|Henne, Donald -|
Submitted to: INSECT PESTS OF POTATO: BIOLOGY AND MANAGEMENT
Publication Type: Book / Chapter
Publication Acceptance Date: April 2, 2012
Publication Date: August 13, 2012
Citation: Munyaneza, J.E., Henne, D.C. 2012. Leafhopper and psyllid pests of potato. In: Giordanengo, P., Vincent, P., Alyokhin, A., editors. Insect Pests of Potato: Global Perspectives on Biology and Management. San Diego, California:Academic Press. p. 65-102. Interpretive Summary: Leafhoppers and psyllids are important pests of potato worldwide. These insects cause damage to potato by direct feeding or by acting as vectors of potato pathogens. Researchers at USDA-ARS Wapato, WA and Texas A&M University provided information on how to identify economically important leafhoppers and psyllids that attack potato and discussed their geographic distribution, biology, pest significance and management. This information will assist potato scientists and producers to minimize damage caused by these potato pests.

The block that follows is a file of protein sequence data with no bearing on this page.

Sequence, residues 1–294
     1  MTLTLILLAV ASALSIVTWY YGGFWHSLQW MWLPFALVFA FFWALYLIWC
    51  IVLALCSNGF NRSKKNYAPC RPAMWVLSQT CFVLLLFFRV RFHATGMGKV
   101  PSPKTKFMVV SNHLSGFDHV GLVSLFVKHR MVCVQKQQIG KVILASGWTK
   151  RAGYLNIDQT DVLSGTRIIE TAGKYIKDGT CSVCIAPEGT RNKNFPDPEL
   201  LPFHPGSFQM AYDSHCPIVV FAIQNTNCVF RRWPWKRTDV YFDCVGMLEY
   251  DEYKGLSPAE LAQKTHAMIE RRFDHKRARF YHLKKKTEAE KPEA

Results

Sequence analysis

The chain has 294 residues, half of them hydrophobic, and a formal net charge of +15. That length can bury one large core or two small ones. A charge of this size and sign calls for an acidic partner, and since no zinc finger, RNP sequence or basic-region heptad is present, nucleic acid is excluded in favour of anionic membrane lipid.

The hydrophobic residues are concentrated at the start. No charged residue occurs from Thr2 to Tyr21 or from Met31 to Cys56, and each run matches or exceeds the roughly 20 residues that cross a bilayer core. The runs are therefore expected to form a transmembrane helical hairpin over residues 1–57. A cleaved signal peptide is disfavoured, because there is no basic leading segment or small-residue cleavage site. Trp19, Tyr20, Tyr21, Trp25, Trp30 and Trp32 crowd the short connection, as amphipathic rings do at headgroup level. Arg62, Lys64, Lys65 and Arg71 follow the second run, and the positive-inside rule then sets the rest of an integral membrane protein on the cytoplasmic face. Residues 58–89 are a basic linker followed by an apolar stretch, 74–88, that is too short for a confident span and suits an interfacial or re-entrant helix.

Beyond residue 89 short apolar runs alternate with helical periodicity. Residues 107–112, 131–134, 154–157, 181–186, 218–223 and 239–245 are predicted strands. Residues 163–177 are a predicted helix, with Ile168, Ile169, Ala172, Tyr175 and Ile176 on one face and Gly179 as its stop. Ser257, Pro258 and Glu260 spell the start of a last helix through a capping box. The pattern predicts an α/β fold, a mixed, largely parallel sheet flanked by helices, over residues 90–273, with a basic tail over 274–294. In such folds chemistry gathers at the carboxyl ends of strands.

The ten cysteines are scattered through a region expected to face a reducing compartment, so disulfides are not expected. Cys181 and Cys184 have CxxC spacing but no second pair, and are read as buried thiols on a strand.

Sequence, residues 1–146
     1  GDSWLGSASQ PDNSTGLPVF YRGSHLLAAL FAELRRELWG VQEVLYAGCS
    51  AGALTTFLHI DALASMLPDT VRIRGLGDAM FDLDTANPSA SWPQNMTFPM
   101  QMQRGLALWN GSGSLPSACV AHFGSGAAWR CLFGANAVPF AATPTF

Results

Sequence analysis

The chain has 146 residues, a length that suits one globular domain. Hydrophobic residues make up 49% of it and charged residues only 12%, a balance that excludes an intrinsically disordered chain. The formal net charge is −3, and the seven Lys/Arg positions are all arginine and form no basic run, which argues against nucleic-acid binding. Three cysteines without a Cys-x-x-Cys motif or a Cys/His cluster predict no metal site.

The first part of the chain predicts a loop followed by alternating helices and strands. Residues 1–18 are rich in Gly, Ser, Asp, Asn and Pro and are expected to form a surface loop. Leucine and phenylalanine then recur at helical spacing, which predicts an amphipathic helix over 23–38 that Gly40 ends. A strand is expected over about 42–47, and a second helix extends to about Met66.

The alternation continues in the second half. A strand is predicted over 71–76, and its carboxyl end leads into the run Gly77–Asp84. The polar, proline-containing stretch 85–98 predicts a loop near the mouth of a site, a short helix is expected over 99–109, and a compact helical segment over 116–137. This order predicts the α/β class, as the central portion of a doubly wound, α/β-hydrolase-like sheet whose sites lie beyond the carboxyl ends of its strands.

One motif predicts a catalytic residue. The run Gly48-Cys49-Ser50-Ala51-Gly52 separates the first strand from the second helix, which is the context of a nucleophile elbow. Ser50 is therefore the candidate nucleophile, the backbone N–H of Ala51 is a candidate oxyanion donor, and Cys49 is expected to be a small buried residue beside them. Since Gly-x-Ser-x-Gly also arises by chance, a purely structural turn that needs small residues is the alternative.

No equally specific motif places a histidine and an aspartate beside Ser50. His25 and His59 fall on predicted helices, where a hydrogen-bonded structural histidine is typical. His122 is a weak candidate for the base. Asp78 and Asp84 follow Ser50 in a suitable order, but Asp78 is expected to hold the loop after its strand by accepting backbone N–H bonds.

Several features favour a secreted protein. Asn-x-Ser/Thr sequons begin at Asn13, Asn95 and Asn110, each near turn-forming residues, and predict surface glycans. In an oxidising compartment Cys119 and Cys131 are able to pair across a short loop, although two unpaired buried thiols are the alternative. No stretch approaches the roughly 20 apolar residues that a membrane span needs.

Technical Abstract: Leafhoppers and psyllids are important pests of potato worldwide. These insects cause damage to potato by direct feeding or by acting as vectors of potato pathogens. Economically important leafhoppers that attack potato include Empoasca fabae, Macrosteles fascifrons, and Circulifer tenellus. E. fabae is considered one of the most destructive potato pests in North America and feeds on phloem or mesophyll, resulting in a damaging condition referred to as ”hopperburn”. Macrosteles spp. and C. tenellus are known to transmit phytoplasmas that cause potato purple top disease, with serious epidemics having occurred in the Americas, Europe, and Asia. Only a few psyllid species have so far been reported to cause damage to potato and the most studied is Bactericera cockerelli. This insect is a serious and economically important pest of potatoes, tomatoes, and other solanaceous crops in the Americas and New Zealand. This psyllid has historically been linked to psyllid yellows and recently to zebra chip disease. Zebra chip is an economically important disease associated with the bacterium liberibacter that has devastated potato producers within the insect’s range. Identification, geographic distribution, biology, pest significance and management of these potato pests are discussed.